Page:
Pura Meduwe Karang in Jagaraga is kind of an offbeat site, famous for its florid and whimsical carvings. A favorite of all who see it is a relief of a Dutchman riding a bicycle, the rear wheel of which has been turned into a lotus flower.
The name of this temple translates as temple of the owner of the land. The temple is dedicated to the agricultural spirits who look after unirrigated land.
Poisonous black sea snakes supposedly guard Tanah Lot, but they're still letting the camera clutching throngs through: in fact, this is the most visited temple in Bali. The name translates as temple of the earth in the sea, and in fact it's accessible only during low tide. Like Ulu Watu, this is another of the six most holy temples in Bali. A worthy stop, especially if you enjoy walks along the beach. Think twice though if you hate crowds.
The wild west. The western part of the island functioned much the same way as the western U.S.: as a frontier -- the place for social and religious renegades, the setting for bloody legends. This is the least densely part of the island: two-thirds of it is still covered in forest. The Balinese themselves consider the region not quite civilized. This part of the island is definitely most off the beaten track, and offers great hiking and wildlife viewing.
Rambut Siwi commemorates a haircut. . . Niratha, the holy man who came to Bali to reinforce Hinduism from erosion by Islam, left his hair (rambut) here hence the name. This is yet another exquisite temple on the seacliffs above a beautiful beach. The whole complex smells of frangipani, and in September and October the cempaka flowers are in bloom, attracting hundreds of large, colorful butterflies.
Besides the brahman's hair, there are other intriguing associations about this place. The temple houses shrines to the rice goddess, Rambut Sedana, and to Saraswati, the goddess of learning, shown here with her symbolic goose. Two sacred caves open up at the base of the cliff. One is said to house a dragon and the other is the entrance to a passageway that extends through the mountain to the town of Singaraja. Don't try testing these stories out though: both caves are extremely sacred and visitors are asked not to enter.
North Bali, Bangli
The north side of the island is relatively remote, and is home to the Bali Aga people, who were here before the influx of the now predominate Malay peoples. The Bali Aga keep alive many ancient, pre-Hindu traditions, features of which are incorporated into the region's temples.
Up a long flight of stairs, Pura Kehen is a graciously removed but not withdrawn temple. It's the state temple of Bangli, and as befits an ancient people, it houses many important ancient artefacts. The complex includes the Pura Penyimpenan (literally"Temple for Keeping Things"), a museum for inscribed stones. The inscriptions on the stone relate to fire, and therefore of home and family life, since the fire, or hearth, is the center of the home. There are signs of pre-Hindu megalithic structure in the construction of high platforms and in the stone which stands inside the first courtyard. This courtyard is spectacular during festival, when the stairs are lined with colorfully dressed celebrants bringing offerings.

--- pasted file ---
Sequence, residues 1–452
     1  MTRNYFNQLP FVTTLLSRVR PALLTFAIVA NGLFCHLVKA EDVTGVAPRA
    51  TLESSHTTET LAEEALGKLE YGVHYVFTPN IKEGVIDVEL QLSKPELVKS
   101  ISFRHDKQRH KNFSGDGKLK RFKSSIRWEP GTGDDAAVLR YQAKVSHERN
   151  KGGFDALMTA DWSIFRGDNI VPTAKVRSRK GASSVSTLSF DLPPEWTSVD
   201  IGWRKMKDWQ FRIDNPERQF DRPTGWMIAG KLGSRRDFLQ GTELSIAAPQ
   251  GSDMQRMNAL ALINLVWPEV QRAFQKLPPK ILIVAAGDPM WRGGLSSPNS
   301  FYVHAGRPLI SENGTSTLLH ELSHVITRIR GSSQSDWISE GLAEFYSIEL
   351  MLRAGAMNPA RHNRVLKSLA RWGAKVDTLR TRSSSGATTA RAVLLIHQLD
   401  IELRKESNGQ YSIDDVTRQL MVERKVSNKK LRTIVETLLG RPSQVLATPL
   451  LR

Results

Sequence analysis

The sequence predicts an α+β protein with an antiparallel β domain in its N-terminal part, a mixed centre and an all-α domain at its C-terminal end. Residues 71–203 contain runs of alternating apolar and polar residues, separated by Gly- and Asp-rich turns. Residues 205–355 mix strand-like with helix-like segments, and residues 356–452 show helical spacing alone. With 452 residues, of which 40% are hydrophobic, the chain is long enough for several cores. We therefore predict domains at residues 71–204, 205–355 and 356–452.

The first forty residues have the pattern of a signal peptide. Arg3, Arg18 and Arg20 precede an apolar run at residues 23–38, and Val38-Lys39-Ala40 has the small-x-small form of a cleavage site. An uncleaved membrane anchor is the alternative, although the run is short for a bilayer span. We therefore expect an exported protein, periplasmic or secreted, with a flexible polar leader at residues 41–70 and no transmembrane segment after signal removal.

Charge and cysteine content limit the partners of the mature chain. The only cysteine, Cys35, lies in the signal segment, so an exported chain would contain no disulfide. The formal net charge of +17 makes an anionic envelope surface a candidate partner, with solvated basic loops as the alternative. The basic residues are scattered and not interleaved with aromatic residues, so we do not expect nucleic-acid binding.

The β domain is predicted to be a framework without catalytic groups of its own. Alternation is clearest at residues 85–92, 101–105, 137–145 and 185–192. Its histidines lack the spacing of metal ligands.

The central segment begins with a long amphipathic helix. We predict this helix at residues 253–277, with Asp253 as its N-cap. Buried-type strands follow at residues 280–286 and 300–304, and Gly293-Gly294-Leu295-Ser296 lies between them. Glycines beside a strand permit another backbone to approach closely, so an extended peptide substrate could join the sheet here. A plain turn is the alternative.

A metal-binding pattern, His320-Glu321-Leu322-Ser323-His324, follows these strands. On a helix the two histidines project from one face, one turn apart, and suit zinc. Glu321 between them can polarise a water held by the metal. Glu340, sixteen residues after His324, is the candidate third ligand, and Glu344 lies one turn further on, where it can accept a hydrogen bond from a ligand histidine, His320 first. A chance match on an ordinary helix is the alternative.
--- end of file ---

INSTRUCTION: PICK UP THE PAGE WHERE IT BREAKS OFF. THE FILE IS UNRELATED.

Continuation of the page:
Some of the best outdoor recreation in Bali can also be found in these relatively rugged and remote reaches. There are plenty of hiking opportunities, plus climbing, off-highway vehicles, and waterskiing on Lake Bratan. All are infused with the presence of venerable Balinese culture. A GORP kind of place.
Pura Ulu Danau was built in the 17th century on highland Lake Bratan. This gemlike temple is half on the mainland, half on a tiny island. The complex is dedicated to Vishnu, the preserver, in his guise as Dewi Danu, who protects all living creatures. Small and charming, it comments on the spirit of place without leaving a big footprint. A peaceful, shimmering vision.
There is more rainfall around Pura Luhur than anywhere else on very rainy Bali. Moss covers the stones of this temple, and the jungle presses in. You can search for shrines secreted away in the jungle, knowing that the most amazing shrines of all are the orchids and butterflies that live here. The temple represents the spirit of the mountain, which does seem to be especially present here. A hidden treasure.
Details mentioned in this article were accurate at the time of publication